Pitcrew was intended to be an experimental exploration of the design space of Audience Participation Games (APGs) made in tandem with research into a framework for understanding the mechanics of existing, intentionally designed APGs. (This excludes games that are APG-ified through external tools or streamer intervention, such as naming your XCOM soldiers after viewers, though we did take note of those occurrences during research.) We wanted to learn the sequence of design choices that lead to the audience experiences, streamer experiences, timing mechanisms, and audience aggregation we see in the space. We wanted to make an APG that pushed the boundaries of how audiences interacted with the game through an interface; we wanted to expand upon the common voting mechanic as audience aggregation. We wanted to gain insight into the motivations of each level of the APG hierarchy, from viewers to participants to subscribers to streamers.
Pitcrew was designed and developed by Rachel Moeller (me) and Nathan McKenzie, lead designer on the APG project. Nathan created the Ludolab APG networking tools, developed the HTML interface for the audience, and advised the project, while I developed, created the assets, and designed it. I created five APG prototypes in the Fall of 2016, and the full Ludolab team chose the Pitcrew prototype for development. From January to May, Nathan and I met weekly for coworking (Nathan was also designing and developing his own APG, Gods of Spoons and Socks, as well as iterating the networking tools) and design discussion. The Ludolab designers and stakeholders met biweekly for extended design discussions. The research team (Jessica Hammer, Safinah Ali, Judeth Oden Choi, and I) met biweekly to discuss progress and emerging trends. The research team produced Analytic Frameworks for Audience Participation Games and Tools which went to the Spectating Play conference in Tampere, Finland on April 24-25, 2017. I wrote the ludographic portion of the paper. While not in coworking, I worked on Pitcrew alone or at CMU Playtest Night for about 7 hours each week.
Expanding on the first Pitcrew prototype, I first created the main racing experience. I playtested this basic racing functionality with racing game players and non-genre players at CMU Playtest Night. Nathan and I then implemented the networking, adjusting the design around technical hurdles. As the networking tools became more robust, we used Pitcrew to iterate them.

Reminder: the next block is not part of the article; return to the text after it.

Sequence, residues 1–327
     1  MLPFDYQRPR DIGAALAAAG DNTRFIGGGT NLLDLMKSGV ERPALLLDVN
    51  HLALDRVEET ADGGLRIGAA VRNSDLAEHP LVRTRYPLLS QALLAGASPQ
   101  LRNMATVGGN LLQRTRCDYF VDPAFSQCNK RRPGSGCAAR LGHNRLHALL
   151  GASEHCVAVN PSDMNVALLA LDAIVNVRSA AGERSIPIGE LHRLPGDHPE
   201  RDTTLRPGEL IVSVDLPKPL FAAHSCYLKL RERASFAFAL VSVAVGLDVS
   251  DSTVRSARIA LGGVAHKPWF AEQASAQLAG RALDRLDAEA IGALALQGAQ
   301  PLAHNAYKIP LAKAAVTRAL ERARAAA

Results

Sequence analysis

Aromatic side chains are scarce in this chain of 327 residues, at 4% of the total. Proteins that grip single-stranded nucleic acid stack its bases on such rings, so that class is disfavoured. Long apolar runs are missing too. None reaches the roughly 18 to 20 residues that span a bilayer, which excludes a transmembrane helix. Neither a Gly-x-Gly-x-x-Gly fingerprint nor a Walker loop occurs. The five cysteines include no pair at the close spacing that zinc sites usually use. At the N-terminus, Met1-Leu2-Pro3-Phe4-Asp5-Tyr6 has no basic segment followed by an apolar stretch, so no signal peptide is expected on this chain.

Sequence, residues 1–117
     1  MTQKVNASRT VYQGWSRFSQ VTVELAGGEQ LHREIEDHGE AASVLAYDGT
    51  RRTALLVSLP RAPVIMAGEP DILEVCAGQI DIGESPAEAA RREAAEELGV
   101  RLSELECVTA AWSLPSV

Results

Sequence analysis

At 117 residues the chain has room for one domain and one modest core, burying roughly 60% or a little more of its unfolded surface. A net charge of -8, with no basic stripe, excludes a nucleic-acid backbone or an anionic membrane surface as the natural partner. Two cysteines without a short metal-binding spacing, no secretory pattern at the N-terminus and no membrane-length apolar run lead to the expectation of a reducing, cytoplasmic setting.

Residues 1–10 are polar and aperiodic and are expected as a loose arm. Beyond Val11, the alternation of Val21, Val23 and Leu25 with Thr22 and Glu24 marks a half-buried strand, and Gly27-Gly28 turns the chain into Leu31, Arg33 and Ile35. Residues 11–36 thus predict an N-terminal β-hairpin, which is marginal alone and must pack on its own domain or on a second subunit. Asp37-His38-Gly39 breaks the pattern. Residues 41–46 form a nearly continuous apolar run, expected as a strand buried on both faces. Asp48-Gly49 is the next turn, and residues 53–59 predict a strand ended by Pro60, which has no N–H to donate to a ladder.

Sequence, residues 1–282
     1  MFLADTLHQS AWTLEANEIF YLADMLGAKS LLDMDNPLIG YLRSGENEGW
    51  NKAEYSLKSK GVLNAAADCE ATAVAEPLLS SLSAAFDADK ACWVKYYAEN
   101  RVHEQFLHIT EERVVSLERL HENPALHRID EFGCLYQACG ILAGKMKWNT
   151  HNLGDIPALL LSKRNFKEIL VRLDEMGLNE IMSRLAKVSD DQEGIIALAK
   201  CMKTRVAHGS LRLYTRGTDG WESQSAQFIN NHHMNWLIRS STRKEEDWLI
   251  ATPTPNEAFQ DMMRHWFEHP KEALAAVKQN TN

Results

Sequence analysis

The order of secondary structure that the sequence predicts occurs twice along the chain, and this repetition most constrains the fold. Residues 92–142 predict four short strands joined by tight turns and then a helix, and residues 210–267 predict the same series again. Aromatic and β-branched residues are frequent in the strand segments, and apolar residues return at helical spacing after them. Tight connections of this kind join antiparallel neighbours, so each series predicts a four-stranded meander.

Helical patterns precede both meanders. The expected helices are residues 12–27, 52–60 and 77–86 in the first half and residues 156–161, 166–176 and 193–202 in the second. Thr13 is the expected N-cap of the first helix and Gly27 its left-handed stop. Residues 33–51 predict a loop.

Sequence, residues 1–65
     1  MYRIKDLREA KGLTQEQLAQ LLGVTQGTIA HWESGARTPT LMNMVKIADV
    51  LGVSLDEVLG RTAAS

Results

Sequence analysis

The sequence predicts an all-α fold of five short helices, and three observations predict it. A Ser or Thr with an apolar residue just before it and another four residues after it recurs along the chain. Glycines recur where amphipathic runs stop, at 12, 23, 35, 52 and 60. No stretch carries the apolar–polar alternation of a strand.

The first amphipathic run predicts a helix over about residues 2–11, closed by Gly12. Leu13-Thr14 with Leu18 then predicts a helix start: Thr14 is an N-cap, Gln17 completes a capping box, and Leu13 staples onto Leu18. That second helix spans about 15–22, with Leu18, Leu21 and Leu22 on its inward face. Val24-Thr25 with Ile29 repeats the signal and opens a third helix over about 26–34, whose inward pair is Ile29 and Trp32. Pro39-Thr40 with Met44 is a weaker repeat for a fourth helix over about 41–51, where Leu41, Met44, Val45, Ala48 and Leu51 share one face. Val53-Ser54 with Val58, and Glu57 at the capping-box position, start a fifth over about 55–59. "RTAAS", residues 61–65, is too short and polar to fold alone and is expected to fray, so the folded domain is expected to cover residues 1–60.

Acquired Knowledge and Skills
Pitcrew was my first racing game and my first networked game. Pitcrew’s intended tone was absurd and while that is mirrored in how the car handles, I learned that racing games are a cavalcade of fine tuning. I learned the basics of networking and IRC events, how to package and receive messages, and the effects of information travel time on player/streamer experience.
Quickly we learned that streamer and audience relationship is affected by APG mechanics and streamers, as the financial gatekeepers of APGs, will only repeatedly play what they perceive as fun (regardless of the audience.) This led to safeguards for the streamer so that the audience could not remove their agency through their choice of car build. This included revealing the car builds of the pitstops to the streamer so they can choose which build to receive (though obfuscating the streamer’s information about the current state of their car by not giving them concrete numbers but a dial on a spectrum from low to high), allowing the streamer enough gas/time to choose between pitstops (though this is limited to force the streamer to interact with the pitstops on some level), and extra handling controls like the emergency brake. I was also careful to make all the choices the audience can make situational, meaning that there are never choices that affect the streamer in purely negative (ex: automatically killing off the streamer) or positive ways (ex: restoring the streamer’s health.) All of the audience effects on the streamer depend on context. In looking at other APGs we found that streamers quickly get tired of consistent negative behaviors against them, and audiences generally feel very strongly about their streamers (though how this adoration is expressed varies wildly depending on the stream’s culture.) Context driven effects lead to more complex opportunities for stream generated meta narrative and I felt it provided more options for forming and expressing stream culture.
Audiences are often aggregated into a mass of input in APGs. For example, voting turns an audience of 15 into a god force or a player 2 force. We learned that expressability and individuality diversified the experiences audience members had when participating, even if those mechanics did not directly affect gameplay. This led to the visual representation of chatting viewers and their individual usernames as fans in the stands of the in-game track. This was also an attempt to include viewers who have no desire to participate in the game, as pure spectatorship is a strong motivation for users of livestreaming platforms.